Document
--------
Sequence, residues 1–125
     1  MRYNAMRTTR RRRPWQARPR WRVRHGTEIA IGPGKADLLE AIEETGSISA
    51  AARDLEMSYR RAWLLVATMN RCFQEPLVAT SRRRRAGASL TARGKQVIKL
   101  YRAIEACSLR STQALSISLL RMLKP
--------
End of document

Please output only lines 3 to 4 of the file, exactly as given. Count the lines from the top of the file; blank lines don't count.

    51  AARDLEMSYR RAWLLVATMN RCFQEPLVAT SRRRRAGASL TARGKQVIKL
   101  YRAIEACSLR STQALSISLL RMLKP